Editing Experiment: Street Sounds (your turn)

February 8, 2010 § 7 Comments

Next up, I thought I’d ask your editing help.

Think if this as a meme for the poetically inclined. It will score you big karma points and maybe a “thank you for all the support” in my first published chapbook.  Here’s the meme: After reading Street Sounds v3, answer the follow-up questions.

It’s an editing collaboration!

 

She strides in torn hose and high heels, and teeters slightly down the chilly urban street.
Morning traffic slows for lights; walkers swerve to avoid her wildly waving arms.
I watch her ashy fingers forming shapes as I pass by – American Sign or gibberish,
I cannot tell. What does she hear as she speaks in her own silence?
Is she threatening herself or me? Answering her bitter internal voices?
I believe hopeless hearts survive by sharing.
I believe the lost are rescued by communion and wither with seclusion.

 
I imagine her first home:
Two parents, one deaf, one not. Maybe both could hear.
Soon they learn her world – her finger-speak – and they take care to curb
their sounds so she doesn’t feel alone. And then one day her signs turn sour.
She speaks, but not to them — she signs to someone they cannot see.
They try to force her eyes so she can read their love, but she squeezes them shut,
so they cannot make her hear. Now she spends her days in a double-bubble wrap
of deafness and psychosis. Her soundless world protects her reality –
when she closes her eyes, no one can join her.
Her street sounds are only heard by me. 

1) What is the poem about? If you were to describe it in one sentence, what would you say?

2) Is the message spelled out too explicitly?

3) Am I being poetic — otherwise known as vague?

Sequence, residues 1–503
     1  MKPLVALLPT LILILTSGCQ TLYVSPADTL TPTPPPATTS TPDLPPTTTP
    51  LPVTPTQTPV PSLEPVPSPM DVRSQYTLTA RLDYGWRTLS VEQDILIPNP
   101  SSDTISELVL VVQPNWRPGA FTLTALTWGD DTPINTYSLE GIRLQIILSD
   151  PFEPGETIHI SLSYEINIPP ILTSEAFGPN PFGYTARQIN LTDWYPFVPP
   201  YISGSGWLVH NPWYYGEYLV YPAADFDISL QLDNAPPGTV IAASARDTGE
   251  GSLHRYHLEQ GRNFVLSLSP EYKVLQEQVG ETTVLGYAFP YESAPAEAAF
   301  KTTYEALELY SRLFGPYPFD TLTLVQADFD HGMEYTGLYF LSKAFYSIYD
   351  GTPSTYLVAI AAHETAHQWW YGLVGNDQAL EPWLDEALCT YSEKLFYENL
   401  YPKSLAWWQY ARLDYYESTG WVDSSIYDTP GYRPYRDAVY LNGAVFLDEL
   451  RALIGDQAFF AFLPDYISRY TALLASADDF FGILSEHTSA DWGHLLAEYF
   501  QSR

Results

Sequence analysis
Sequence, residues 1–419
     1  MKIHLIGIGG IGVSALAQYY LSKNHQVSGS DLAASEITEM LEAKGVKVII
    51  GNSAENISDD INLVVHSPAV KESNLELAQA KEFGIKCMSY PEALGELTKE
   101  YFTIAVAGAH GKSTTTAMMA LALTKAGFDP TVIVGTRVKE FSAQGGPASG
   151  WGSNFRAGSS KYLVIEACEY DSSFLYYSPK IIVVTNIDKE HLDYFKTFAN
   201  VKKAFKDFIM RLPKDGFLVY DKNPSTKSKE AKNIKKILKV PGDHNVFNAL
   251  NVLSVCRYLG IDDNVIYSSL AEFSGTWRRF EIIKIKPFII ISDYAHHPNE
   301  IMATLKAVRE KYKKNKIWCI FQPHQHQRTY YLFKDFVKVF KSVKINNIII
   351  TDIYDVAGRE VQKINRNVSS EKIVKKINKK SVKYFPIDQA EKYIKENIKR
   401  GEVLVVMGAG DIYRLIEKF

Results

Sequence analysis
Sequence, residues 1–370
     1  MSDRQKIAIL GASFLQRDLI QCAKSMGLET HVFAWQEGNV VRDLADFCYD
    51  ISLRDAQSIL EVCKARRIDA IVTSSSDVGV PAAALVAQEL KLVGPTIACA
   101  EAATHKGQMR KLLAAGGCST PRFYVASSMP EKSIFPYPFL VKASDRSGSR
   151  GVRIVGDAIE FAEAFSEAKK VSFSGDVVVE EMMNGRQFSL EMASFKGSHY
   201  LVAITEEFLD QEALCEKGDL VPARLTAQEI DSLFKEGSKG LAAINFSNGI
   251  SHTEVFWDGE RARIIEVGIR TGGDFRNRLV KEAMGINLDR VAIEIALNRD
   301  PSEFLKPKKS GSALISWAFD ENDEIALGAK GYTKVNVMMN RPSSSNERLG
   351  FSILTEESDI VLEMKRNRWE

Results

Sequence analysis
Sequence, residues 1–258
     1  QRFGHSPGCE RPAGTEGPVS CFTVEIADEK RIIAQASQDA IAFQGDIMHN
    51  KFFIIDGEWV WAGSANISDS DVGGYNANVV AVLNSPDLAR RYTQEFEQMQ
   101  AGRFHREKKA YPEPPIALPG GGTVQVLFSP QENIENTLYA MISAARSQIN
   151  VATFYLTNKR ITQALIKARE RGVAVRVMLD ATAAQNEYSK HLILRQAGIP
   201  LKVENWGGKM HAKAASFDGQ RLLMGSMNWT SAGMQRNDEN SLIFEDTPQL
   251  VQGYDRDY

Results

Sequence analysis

4) What mood does the poem convey?

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§ 7 Responses to Editing Experiment: Street Sounds (your turn)

  • […] Street Sounds 2010 March 7 tags: A Poem a Day, Creative Writing, Deaf, Homeless, National Poetry Month, Poetry, Writing by Pamela Villars To continue my editing experiment, I’ve worked up what I think is the very-close-to-final version of Street Sounds.  For newcomers, you can follow the process and poetic changes here, here, here, and here. […]

  • Okay:

    1. Isolation and mental illness.
    2. Not really.
    3. No, I don’t think so.
    4. Loss and sadness.

    My take anyway and I love this poem btw.

  • rallentanda says:

    I’m going to buy your chap book and I hope it has my three favourite poems in it ( from November Poetic Asides)I am not going to do you the disservice of answering these questions. As we all know sales are determined by popular appeal.My verse and taste appeal only to a few.

    I had a friend who used to sell jewellery at the markets.When she had a doubt about which line would be a seller she would would bring them to me and the one I didn’t like much would always be a hit.

    Of course we could apply the same pschology to poetry.I don’t think the above is one of your better poems( of which there are many)so I predict a hit!

    • Well, I’m glad to hear it will be a hit! And I appreciate your honest response.

      It’s not my favorite either, but I’m enjoying the experiment. It will change more, but likely won’t be as “poetic” as some other work.

  • Linda says:

    Taking a chance here.

    1. A homeless, schizophrenic, deaf person.
    2. No
    3. No
    4. The sadness of lost communication.

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